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Masters Degrees (Russian Literature)

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The MRes in Humanities offers students the opportunity to produce a substantial piece of independent research and writing, and to undertake wide-ranging, systematic training in research skills and project management. Read more

Overview

The MRes in Humanities offers students the opportunity to produce a substantial piece of independent research and writing, and to undertake wide-ranging, systematic training in research skills and project management. Students will write a dissertation in a specific field or prepare a portfolio of compositions, recital or a media project with a named supervisor.

Supervision is available in all disciplines where the School has expertise:
- American Studies
- English
- History
- Media, Communications and Culture
- Music and Music Technology
- Philosophy
- Russian

You will be able to develop your research topic within the context of current debates and methodologies in relevant disciplines and within the humanities generally. The course will develop practical, critical and analytical research skills that can be deployed in a variety of professional and intellectual contexts. The programme is tailored to your research and career plans, and we recommend that you contact us before making a formal application.

The MRes degree is intended for applicants who already have a clear dissertation project (or equivalent, e.g. composition portfolio, performance or software development plan). In liaison with the supervisor and discipline lead, a plan of work in semester 1 and 2 is agreed and serves as preparation for the project as well as assessed work in its own right. When you submit your online application, please use your personal statement to describe the dissertation (or equivalent) project you intend to carry out (500-700 words). Include specific research questions and aims. What does the project intend to elucidate? Is any hypothesis proposed? How will the research be carried out (i.e. methodology)?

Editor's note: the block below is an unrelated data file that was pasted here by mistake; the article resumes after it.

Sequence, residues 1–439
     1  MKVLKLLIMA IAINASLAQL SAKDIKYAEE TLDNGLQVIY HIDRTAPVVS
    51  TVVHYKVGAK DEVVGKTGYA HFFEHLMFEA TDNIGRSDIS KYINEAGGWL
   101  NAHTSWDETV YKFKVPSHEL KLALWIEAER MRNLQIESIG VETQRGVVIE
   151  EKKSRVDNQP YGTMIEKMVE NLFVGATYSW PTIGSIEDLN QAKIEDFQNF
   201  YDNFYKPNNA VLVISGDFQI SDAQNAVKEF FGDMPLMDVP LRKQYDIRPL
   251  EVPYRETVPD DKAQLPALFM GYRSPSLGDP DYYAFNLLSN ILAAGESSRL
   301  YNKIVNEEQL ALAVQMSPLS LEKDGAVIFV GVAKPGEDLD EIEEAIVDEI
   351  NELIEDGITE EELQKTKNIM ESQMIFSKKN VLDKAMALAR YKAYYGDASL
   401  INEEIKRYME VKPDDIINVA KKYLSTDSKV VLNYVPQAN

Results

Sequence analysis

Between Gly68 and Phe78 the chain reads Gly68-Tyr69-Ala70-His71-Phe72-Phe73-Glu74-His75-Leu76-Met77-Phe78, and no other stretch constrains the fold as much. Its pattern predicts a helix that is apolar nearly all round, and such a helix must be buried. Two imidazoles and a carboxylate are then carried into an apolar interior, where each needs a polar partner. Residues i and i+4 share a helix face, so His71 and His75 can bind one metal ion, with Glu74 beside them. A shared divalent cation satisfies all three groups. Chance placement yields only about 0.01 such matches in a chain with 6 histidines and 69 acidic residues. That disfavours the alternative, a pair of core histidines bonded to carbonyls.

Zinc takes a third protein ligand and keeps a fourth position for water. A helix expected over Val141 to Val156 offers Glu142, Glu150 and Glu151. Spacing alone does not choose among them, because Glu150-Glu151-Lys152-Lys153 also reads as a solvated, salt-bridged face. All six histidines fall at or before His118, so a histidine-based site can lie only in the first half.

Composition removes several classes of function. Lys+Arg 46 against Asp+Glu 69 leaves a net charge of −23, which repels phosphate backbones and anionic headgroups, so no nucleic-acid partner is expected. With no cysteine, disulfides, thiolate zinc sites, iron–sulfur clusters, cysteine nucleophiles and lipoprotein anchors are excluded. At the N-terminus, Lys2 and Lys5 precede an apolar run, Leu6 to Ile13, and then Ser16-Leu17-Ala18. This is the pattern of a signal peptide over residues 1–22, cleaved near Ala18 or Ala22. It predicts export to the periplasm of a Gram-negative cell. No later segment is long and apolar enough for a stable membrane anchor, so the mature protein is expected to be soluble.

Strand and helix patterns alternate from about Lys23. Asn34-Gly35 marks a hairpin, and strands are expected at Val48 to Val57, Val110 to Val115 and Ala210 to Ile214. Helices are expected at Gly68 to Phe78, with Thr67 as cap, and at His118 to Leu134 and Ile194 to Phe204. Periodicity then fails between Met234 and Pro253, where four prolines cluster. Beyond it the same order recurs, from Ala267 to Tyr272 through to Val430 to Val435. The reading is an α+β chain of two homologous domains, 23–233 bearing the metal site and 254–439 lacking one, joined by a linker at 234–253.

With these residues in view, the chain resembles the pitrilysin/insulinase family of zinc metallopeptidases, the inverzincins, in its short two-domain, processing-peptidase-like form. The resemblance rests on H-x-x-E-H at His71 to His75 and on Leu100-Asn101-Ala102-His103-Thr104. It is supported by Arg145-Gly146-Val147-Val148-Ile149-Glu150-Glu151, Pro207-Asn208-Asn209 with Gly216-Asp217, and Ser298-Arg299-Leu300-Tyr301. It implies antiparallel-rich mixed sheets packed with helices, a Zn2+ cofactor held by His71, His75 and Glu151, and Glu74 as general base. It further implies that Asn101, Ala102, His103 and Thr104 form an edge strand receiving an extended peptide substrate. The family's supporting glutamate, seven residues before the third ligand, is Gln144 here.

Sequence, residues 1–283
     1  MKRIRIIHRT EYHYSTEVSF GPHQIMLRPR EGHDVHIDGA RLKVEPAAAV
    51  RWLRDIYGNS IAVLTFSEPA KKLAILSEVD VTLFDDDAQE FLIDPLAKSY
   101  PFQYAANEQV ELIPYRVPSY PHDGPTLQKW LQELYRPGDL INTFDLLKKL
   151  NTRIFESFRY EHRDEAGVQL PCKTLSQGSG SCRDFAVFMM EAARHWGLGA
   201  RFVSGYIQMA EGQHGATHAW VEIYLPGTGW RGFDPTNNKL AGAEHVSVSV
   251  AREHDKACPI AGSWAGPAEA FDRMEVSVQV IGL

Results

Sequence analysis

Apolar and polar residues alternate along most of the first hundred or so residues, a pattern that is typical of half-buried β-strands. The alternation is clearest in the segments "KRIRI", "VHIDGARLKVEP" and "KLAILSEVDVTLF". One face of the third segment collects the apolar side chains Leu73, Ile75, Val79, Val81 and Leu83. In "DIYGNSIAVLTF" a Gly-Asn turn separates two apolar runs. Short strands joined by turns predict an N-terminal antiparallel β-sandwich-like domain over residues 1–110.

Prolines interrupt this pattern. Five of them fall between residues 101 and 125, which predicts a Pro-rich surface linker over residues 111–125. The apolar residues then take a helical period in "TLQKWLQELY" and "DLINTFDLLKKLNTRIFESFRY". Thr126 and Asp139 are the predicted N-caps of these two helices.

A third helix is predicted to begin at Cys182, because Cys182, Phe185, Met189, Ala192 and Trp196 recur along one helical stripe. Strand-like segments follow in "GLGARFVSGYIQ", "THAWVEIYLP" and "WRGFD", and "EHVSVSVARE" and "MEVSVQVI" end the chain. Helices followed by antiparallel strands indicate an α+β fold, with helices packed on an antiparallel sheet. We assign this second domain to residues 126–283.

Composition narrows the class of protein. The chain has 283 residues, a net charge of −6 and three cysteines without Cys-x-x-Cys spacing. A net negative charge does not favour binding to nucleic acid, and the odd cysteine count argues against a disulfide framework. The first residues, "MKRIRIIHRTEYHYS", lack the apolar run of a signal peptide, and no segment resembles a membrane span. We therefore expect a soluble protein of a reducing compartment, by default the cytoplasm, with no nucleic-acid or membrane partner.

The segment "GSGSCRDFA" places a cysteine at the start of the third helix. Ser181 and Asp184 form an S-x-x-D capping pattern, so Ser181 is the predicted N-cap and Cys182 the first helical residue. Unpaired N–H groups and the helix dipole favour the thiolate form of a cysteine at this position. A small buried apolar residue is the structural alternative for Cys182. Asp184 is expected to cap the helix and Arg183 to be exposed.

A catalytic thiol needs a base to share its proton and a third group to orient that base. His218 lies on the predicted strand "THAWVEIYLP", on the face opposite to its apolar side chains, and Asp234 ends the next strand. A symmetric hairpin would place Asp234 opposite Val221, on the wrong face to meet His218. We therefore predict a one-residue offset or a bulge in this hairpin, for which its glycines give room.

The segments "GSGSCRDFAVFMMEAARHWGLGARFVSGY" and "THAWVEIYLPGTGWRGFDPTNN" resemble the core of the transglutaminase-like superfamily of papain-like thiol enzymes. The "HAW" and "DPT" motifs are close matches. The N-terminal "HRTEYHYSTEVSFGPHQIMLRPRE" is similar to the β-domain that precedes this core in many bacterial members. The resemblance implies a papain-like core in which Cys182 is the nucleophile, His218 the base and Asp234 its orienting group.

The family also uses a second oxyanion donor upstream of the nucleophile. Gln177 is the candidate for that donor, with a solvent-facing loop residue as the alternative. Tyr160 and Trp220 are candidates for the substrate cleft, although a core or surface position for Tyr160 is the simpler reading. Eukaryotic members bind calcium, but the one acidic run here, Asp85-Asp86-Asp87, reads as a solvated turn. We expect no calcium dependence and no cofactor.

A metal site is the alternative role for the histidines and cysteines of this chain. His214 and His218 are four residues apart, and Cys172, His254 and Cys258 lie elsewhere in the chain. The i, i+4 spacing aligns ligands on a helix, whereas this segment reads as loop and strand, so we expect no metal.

See the website https://www.keele.ac.uk/pgtcourses/humanitiesmres/

Russian

The MRes in Russian is a flexible course which allows students to develop a chosen interest in the field of Russian cultural studies via specialist modules and a 20-25,000-word dissertation. The teaching staff have expertise in the areas of nineteenth- and twentieth-century Russian culture, are very prominent in their field: the recent RAE report spoke of 'world-leading and internationally excellent research activity'. A wide range of Masters topics can be undertaken. Recent examples include themes such as 'Women in Russian Literature' and 'Modernity and the City in Russian Literature' as well as author based topics (eg. Dostoevsky and Zamyatin).

Course Aims

To enable students to research and write an extended dissertation, whilst developing practical, critical and analytical research skills that can be deployed in a variety of professional and intellectual contexts. Students will develop an understanding of the place of a specific research topic within current debates and methodologies in relevant disciplines, and within the humanities generally. The course will promote the ‘project management skills’ of defining and planning a project, meeting deadlines, and recording and reflecting on outcomes.

Course Content

Students follow a tailor-made programme, comprising three components totalling at least 180 credits.
- A 20,000 word dissertation (or equivalent composition or artistic production) is at the heart of the programme (90 credits).